|29 August 2016|
By Elizabeth McQuillan
Cheap and easy to grow, straw is a natural commodity that has been utilized since the Iron Age to provide shelter. Archeologists found that the walls of roundhouses were made of wattle support and daub, the daub composed of a mixture of clay, straw and animal dung, and made for a very effective and insulated structure.
A crack team at the University of Bath’s Department of Architecture & Civil Engineering have been researching straw as a viable and safe building material for over a decade, and now affordable straw housing is a reality.
After a great deal of research, the team collaborated with ModCell Ltd to develop prefabricated straw bale cladding panels. These building panels underwent strict testing to investigate the structural and durability aspects of the straw. A prototype house was built on campus and subjected to fire and flood to test its suitability for housing. Not only was the structure weatherproof, but further data collected from ModCell built homes has shown a massive reduction in energy usage of up to 90%.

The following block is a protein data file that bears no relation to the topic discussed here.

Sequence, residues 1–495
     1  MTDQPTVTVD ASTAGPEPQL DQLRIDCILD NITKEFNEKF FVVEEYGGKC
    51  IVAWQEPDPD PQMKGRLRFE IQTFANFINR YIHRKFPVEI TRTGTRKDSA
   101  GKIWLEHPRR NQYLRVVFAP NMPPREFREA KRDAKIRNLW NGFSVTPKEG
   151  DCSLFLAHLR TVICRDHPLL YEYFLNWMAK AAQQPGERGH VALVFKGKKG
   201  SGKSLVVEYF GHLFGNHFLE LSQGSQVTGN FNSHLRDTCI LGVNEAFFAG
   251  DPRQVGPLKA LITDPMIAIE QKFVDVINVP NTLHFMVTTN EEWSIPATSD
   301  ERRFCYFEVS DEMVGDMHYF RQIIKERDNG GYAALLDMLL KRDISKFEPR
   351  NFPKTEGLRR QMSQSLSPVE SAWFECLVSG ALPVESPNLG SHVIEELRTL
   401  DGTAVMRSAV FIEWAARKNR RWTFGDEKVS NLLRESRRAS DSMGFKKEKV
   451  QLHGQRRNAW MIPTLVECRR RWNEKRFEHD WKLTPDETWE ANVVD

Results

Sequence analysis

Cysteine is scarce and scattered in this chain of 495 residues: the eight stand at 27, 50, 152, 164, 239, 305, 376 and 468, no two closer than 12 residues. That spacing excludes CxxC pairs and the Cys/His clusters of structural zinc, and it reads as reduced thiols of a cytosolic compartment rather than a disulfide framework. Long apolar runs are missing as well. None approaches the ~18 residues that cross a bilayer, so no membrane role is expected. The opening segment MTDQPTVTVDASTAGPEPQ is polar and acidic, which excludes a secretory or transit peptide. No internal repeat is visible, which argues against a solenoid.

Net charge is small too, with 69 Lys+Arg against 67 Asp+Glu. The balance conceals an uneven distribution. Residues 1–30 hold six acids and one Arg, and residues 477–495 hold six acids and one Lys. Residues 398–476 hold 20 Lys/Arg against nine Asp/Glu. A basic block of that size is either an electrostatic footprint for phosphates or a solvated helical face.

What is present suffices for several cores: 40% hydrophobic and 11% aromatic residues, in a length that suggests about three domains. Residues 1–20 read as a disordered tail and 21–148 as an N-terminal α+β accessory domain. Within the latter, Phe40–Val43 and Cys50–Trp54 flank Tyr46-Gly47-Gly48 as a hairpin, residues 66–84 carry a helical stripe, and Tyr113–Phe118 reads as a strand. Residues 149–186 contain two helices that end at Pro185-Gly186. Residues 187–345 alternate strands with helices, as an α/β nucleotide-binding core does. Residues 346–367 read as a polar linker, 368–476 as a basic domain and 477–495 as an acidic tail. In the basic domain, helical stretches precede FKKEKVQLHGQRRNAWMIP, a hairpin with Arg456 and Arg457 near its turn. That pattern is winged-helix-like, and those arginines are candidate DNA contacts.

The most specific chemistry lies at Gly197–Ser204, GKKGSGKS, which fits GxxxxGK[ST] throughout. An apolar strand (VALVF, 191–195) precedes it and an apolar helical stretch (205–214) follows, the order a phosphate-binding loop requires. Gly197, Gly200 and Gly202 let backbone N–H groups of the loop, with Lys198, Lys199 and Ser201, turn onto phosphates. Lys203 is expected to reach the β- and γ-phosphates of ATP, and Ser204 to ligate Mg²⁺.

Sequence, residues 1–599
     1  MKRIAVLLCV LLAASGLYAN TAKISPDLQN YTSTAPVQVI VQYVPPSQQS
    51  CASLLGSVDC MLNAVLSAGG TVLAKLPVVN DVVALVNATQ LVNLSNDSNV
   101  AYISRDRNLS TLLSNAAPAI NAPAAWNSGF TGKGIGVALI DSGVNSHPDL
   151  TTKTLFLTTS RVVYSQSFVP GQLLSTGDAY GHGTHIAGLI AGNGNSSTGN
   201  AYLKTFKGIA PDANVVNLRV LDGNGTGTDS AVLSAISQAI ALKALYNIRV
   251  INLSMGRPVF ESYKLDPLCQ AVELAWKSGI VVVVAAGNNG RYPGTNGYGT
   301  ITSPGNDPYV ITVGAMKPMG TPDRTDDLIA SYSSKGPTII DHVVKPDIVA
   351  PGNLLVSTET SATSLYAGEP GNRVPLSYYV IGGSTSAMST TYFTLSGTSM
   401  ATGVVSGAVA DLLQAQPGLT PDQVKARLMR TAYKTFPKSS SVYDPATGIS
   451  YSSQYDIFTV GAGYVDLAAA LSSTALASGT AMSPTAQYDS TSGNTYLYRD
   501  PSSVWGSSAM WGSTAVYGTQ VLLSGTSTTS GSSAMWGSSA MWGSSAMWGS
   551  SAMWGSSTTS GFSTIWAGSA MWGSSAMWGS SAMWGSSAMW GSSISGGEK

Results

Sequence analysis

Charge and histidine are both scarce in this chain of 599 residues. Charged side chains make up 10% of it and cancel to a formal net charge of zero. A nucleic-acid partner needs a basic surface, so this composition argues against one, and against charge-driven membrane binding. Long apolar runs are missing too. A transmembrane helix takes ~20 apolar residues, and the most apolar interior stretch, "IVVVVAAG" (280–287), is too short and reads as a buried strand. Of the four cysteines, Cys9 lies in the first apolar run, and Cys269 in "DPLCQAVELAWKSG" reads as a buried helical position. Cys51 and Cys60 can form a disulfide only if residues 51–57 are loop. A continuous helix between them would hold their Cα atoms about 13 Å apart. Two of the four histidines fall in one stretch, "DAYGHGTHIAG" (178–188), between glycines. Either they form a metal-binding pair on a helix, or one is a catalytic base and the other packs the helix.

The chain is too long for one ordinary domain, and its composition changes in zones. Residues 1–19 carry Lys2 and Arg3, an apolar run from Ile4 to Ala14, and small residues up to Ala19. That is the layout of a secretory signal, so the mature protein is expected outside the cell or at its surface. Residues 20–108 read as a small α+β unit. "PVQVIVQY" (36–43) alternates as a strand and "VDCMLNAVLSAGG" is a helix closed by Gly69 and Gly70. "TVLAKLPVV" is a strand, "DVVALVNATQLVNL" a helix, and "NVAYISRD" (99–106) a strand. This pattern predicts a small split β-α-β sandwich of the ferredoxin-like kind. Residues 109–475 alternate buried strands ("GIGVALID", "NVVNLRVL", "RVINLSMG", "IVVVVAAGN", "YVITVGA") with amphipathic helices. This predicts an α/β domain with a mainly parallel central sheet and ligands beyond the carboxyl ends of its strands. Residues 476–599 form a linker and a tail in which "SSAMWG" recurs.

All the materials used in ModCell (straw, timber and lime) can be locally sourced, which results in the carbon footprint of a mouse. The company also claims that all panels are made within mobile factories that will sit within a fifteen-mile radius of the construction site.
The result is an innovative collaboration between science and business that will make large-scale, carbon-negative housing a reality, and link affordable housing with stellar eco-credentials. The wolf can huff and puff all he wants, but the little pigs that live in this straw house can rest easy.